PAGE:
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Dollar treads water before U.S. jobs data, Aussie dips

Published 10/05/2018, 04:16 AM
Updated 10/05/2018, 04:16 AM
© Reuters. A money changer counts U.S. dollar banknotes at a currency exchange office in Izmir

By Tom Finn

LONDON (Reuters) - The dollar edged toward a 10-week high on Friday before monthly U.S. jobs data that investors hope will shed light on how much longer the Fed's aggressive rate-hiking cycle will continue.

The greenback is outperforming other major currencies as the U.S. economy continues to grows strongly while recent data in other large economies, including the euro zone, has come in below expectations.

Investors are watching for signs of increasing U.S. inflation as companies including Amazon (NASDAQ:AMZN) AMZN.O raise minimum wages. Friday's non-farm payrolls release for September will give new indications of wage growth and labor market strength.

The dollar index .DXY, which measures its performance against a basket of six currencies, was 0.1 percent higher on the day at 95.804.

Private payrolls data came in stronger than forecast on Thursday, pushing the yield on the benchmark 10-year U.S. Treasury note US10YT=RR to its highest levels since May 2011.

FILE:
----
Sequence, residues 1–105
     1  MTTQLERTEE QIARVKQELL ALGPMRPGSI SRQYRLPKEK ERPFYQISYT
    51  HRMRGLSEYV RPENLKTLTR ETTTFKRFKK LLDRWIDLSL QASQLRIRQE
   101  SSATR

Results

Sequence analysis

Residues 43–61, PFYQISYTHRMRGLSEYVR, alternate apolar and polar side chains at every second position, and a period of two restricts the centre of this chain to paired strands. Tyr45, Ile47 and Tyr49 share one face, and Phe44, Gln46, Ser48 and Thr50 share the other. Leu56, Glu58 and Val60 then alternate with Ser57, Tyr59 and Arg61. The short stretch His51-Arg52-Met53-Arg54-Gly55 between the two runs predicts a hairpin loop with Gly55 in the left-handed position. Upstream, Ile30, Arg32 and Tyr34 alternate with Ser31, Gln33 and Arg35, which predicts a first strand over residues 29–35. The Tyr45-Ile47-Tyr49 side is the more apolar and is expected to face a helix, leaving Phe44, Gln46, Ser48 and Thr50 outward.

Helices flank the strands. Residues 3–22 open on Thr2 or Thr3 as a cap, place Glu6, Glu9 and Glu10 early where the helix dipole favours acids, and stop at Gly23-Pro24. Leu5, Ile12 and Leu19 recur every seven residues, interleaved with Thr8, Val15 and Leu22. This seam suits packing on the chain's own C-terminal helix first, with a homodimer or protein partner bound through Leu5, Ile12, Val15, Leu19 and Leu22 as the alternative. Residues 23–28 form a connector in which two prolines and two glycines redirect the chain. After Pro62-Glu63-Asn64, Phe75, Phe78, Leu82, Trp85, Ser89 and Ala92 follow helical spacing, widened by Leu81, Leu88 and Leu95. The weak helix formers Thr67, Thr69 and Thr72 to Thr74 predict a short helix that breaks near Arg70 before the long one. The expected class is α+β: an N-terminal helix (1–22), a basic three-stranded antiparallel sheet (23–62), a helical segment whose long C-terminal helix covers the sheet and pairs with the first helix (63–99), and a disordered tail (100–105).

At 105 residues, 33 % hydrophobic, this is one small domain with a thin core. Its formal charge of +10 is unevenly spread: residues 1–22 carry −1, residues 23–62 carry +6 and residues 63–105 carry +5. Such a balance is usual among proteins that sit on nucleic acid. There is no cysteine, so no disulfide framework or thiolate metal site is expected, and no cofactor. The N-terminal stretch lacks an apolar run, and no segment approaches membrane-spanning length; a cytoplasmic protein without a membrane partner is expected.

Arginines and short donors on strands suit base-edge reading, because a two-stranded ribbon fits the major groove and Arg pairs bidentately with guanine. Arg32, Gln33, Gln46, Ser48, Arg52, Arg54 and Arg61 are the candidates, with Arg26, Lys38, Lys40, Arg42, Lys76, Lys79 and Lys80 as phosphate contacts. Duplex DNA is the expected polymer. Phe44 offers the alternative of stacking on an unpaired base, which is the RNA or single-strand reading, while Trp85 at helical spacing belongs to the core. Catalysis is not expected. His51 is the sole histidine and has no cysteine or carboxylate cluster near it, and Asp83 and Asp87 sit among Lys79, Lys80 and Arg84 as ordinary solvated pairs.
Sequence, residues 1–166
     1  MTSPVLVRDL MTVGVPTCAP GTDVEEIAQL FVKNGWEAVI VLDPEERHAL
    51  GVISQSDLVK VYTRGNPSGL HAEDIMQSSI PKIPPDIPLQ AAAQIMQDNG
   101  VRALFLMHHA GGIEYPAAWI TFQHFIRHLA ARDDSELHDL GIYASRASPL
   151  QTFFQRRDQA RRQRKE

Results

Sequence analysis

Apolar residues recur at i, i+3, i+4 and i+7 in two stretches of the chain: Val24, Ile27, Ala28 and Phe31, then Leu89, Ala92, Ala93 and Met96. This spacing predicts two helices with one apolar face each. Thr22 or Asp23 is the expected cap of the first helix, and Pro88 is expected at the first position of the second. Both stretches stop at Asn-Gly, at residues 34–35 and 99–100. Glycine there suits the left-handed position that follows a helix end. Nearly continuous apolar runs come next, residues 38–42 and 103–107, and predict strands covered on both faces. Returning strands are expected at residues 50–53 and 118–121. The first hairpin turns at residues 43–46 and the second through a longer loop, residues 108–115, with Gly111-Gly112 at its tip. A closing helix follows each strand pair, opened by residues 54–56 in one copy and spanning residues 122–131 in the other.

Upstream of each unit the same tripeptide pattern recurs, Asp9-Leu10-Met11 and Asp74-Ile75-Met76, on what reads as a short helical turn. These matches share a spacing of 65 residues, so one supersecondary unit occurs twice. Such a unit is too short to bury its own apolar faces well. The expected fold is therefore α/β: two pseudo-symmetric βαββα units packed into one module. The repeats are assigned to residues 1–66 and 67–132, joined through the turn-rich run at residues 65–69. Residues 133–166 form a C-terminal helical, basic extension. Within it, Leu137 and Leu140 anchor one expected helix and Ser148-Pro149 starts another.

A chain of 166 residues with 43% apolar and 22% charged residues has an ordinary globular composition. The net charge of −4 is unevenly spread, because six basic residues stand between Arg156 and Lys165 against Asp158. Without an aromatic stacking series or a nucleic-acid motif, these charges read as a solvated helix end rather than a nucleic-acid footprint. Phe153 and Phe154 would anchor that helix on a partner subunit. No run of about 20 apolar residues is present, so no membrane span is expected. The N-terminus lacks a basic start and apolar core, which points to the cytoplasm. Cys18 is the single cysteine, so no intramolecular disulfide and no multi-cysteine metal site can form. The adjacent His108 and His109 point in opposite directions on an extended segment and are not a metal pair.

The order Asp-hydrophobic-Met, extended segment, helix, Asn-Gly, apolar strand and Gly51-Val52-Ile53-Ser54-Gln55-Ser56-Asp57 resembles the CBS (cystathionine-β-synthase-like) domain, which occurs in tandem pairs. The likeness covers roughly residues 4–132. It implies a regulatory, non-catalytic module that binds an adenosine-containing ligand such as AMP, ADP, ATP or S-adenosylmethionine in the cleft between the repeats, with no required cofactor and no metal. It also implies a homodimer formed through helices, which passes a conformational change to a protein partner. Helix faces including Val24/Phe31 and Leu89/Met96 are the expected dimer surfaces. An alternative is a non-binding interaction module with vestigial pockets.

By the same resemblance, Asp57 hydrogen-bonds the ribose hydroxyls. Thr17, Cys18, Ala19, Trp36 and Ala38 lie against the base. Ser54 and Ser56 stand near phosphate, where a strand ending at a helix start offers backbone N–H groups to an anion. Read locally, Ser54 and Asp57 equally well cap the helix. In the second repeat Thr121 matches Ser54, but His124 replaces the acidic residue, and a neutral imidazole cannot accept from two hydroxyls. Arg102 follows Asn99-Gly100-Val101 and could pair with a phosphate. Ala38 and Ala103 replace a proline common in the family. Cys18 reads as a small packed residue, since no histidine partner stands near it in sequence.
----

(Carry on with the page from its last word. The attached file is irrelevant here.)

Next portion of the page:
"We have downplayed the relevance of the U.S. labor market report for the dollar ... but the data might become more significant again now there is debate over how much longer the (Fed) rate hike cycle will continue," said Antje Praefcke, a currency strategist at Commerzbank (DE:CBKG) in Frankfurt.

The U.S. central bank foresees another interest rate hike in December, three more next year, and one increase in 2020.

Fed Chairman Jerome Powell on Wednesday talked up the U.S. economy, saying that the United States is on the verge of a "historically rare" era of ultra-low unemployment and tame prices. (Full Story)

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That spooked investors and caused U.S. Treasury yields and the euro/dollar currency pair to breach key technical levels.


The Australian dollar AUD=D4, often viewed as a barometer of risk appetite, slipped 0.3 percent to $0.7054, a 32-month low, as U.S. yield spreads continued to widen, pressuring stock markets and risk appetite around the world.

The Aussie, extending losses into a fourth straight session, has now fallen 2.1 percent this month.

The euro EUR=EBS edged down 0.1 percent to $1.1497 after brushing a six-week low of $1.1463 during Thursday's session.

The dollar will continue to strengthen against the euro as well as the yen, with the common currency likely slipping back below the psychologically-significant $1.15 handle, said Yukio Ishizuki, senior currency strategist at Daiwa Securities.

The euro is down about 0.8 percent against the dollar this month.

Sterling rose to a 3-month high versus the euro on Friday after European Union Brexit negotiators said that a divorce deal with Britain was "very close".

The pound rose to 88.14 pence EURGBP=D3, its highest since 9 July, on the report which cited two diplomatic sources.

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